Monday, November 14, 2011

Traveler's Notebook: Back in Bari

Bari Castello w Cathedral.JPG
Bari's 12 C castello, built by Frederick II, and its 15th C Romanesque cathedral

BARI, Italy--We are back in Puglia ("Apulia" in English), last visited three years ago on a wine tour, this time around for a symposium sponsored by the Italian Travel Promotion Council and ENIT (Italy's National Tourist Board). Over 200 American travel agents, two dozen tour operators and about 20 journalists from the USA are participatiing.

It's too soon to tell what priority tourism will have in the "austerity budget" to be presented later this month by the new government of Prime Minister Mario Monti (just sworn in yesterday), although the signs point distressingly toward reduction to zero. Yes, Italians have the understandable notion that the whole world already knows about its historic cultural treasures, ideal climate, great food and pleasurable lifestyle. In this they are not alone; it is a homegrown pride that is (quite often) justifiable, yet quaint and ultimately short-sighted. But tourism promotion is not a luxury.

When Washington State eliminated tourism promotion from its budget, the only audible protest came from Seattle hotelkeepers who knew that people have to be encouraged to travel to specific places. You must tell your story over and over, the marketing folks lecture you; the public is a passing parade, not a static classroom of docile fourth-graders. Tourism professionals like travel agents need constant reminders, too, ideallly in the form of field trips, to experience the uniqueness of the "product," of the destination.

And the destination here in Puglia, the heel of the Italian boot, is certainly attractive. Some 500 miles of pristine coastlne dotted with ancient watchtowers (to guard against invaders); historic architecture (Roman, Greek, Norman, Byzantine); modern cities like Bari, Baroque cities like Lecce, prehistoric settlements like Alberobello, limestone hilltowns like Ostuni; medieval strongholds like Castel del Monte; vast groves of olive trees, and vineyards planted with southern Italy's best full-bodied reds (Negroamaro, Primitivo and Nero di Troia).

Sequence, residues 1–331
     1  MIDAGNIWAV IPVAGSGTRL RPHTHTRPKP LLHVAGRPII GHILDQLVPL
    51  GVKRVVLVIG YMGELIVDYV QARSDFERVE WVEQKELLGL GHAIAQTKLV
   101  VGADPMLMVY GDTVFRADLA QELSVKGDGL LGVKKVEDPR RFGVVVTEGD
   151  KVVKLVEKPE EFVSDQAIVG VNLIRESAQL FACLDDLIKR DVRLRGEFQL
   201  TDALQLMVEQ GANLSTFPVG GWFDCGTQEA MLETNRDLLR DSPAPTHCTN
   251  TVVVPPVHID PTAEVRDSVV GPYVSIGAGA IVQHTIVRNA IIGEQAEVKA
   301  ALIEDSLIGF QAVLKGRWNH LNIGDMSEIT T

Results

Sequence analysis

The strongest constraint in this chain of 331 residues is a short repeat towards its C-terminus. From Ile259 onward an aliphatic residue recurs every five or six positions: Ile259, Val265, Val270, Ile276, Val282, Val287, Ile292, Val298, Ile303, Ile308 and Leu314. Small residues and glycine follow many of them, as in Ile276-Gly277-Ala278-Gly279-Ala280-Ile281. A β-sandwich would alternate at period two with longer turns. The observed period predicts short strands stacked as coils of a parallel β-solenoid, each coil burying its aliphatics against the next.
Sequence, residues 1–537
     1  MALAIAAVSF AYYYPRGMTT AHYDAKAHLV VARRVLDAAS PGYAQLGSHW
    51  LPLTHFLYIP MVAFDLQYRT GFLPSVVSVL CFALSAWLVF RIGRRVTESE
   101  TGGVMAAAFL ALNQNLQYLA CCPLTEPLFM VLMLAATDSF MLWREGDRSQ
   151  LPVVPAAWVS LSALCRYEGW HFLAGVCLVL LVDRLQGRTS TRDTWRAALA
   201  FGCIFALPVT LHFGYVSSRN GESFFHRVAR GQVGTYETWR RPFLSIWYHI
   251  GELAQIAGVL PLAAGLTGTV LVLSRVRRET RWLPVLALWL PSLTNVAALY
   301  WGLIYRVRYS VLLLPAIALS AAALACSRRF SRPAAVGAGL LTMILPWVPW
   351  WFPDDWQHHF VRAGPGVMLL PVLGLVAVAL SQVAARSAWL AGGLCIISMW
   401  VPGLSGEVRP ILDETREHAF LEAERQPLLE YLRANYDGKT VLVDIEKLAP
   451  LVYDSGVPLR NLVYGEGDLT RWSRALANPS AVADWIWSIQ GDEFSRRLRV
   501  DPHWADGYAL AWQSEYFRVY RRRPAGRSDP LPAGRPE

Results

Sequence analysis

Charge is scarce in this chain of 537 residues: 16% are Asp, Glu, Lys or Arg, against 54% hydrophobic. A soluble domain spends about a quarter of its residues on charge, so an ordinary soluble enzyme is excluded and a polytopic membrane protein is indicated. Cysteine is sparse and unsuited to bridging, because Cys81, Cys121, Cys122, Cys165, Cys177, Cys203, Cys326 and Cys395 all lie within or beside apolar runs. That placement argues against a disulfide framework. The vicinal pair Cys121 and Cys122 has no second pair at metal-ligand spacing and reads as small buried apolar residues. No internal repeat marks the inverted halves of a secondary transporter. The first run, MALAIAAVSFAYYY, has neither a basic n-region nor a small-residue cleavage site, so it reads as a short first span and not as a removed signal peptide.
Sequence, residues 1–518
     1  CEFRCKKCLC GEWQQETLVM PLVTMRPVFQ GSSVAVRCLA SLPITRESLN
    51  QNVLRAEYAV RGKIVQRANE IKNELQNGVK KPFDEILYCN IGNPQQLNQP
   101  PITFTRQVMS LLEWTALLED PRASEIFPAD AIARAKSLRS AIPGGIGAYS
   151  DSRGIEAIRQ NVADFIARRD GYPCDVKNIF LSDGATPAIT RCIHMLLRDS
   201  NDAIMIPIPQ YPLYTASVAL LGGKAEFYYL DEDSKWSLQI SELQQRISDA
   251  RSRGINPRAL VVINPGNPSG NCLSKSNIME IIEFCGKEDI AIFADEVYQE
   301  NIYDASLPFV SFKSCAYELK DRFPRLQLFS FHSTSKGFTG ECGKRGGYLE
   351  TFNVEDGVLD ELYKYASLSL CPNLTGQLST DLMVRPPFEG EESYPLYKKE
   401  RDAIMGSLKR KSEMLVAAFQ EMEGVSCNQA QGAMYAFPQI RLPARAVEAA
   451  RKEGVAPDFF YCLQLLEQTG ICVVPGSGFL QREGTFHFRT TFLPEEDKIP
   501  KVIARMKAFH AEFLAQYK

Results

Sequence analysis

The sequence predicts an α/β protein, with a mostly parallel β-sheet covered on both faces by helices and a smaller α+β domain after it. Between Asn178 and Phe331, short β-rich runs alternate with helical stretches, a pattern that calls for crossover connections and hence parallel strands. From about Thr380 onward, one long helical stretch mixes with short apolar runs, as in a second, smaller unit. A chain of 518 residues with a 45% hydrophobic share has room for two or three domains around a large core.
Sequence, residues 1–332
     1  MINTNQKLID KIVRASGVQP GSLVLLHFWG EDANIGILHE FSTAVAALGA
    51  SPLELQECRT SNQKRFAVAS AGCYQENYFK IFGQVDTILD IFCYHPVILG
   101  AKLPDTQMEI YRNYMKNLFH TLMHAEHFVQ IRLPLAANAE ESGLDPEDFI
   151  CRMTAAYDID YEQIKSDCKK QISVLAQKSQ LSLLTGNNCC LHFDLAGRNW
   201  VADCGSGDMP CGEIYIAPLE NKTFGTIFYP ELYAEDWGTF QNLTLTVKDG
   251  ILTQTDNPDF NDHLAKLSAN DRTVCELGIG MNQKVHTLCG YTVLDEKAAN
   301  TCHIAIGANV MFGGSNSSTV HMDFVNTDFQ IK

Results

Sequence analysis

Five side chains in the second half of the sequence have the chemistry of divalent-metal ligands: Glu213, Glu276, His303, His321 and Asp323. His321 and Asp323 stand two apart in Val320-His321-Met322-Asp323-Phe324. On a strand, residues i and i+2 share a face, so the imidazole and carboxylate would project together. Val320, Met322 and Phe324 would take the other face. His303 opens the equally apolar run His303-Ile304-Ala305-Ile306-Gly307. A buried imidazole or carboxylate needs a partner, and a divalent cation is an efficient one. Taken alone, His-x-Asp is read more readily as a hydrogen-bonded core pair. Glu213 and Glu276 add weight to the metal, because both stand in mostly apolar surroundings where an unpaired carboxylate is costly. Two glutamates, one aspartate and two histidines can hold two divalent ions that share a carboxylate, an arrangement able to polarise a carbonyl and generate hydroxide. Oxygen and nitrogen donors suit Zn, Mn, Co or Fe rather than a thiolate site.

Olive grove at Vallone.JPG
Olive grove in Puglia
Interntional tourism is a much sought-after source of income, but local officials here acknowledged only "incremental" increases of 20 percent over the past decade, which is a polite way of saying that tourism to this region is stagnant. Only 25,000 Americans visit Pugllia in the course of a year, a tiny fraction of the half-million foreigners who come. Assuming they're not daytrippers disembarking from the giant cruise ships, Americans stay an average of three nights, a full day less than most international visitors (almost 20 percent of them heat-seeking Germans). Puglia's official tourist office recommends touring by bicycle or on horseback, but the Yanks tend to occupy rooms in the best hotels..

Don't get me wrong, it's a stunning region, even without the beaches, but there's a campanilismo here, a short-sighted, provincial, shoulder-shrugging attitude, that seems to undervalue the surprisingly broad cultural heritage.

Welcoming the delegates, Mauro Galli, the ITPC president, pointed out that Puglia is at least 30 percent less expensive than the rest of Italy, especially compared to the strasopheric prices of hotels in Venice or Florence. Whether the price advantage alone will draw American travelers is far from clear.

Street scene in Old Bari.JPG
Street scene in Old Bari
For Americans to visit Puglia, they first have to select Italy over France, Spain, Greece or Croatia (to name just four competing Mediterranean destinations). Then Puglia competes with the trinity of Rome-Florence-Venice, not to mention the romance of a villa in Tuscany or a cooking class on the Amalfi Coast. So it's not a stop for first-time visitors to Italy.

Puglia's capital, Bari, is a vibrant, modern Italian city, as big as Portland, Ore., with a pedestrians-only old town (narrow streets with washing hanging from the balconies), a busy harbor (shipping to Mediterranean ports, cruise ships, car ferries across the Adriatic) and imposing Mussolini-era buildings along the waterfront. The palazzo housing its Chamber of Commerce may not have wi-fi (for shame, for shame), but the city does have a dozen shared-bicycle stations and a stunning Romanesque basilica. And Puglia boasts a coastline that's every bit as long and varied as Florida's. It's embarrassing, frankly, that Americans haven't discovered this wonderful land.

So much for the first day; there's more to come. More seminars and site visits, more pictures, too.

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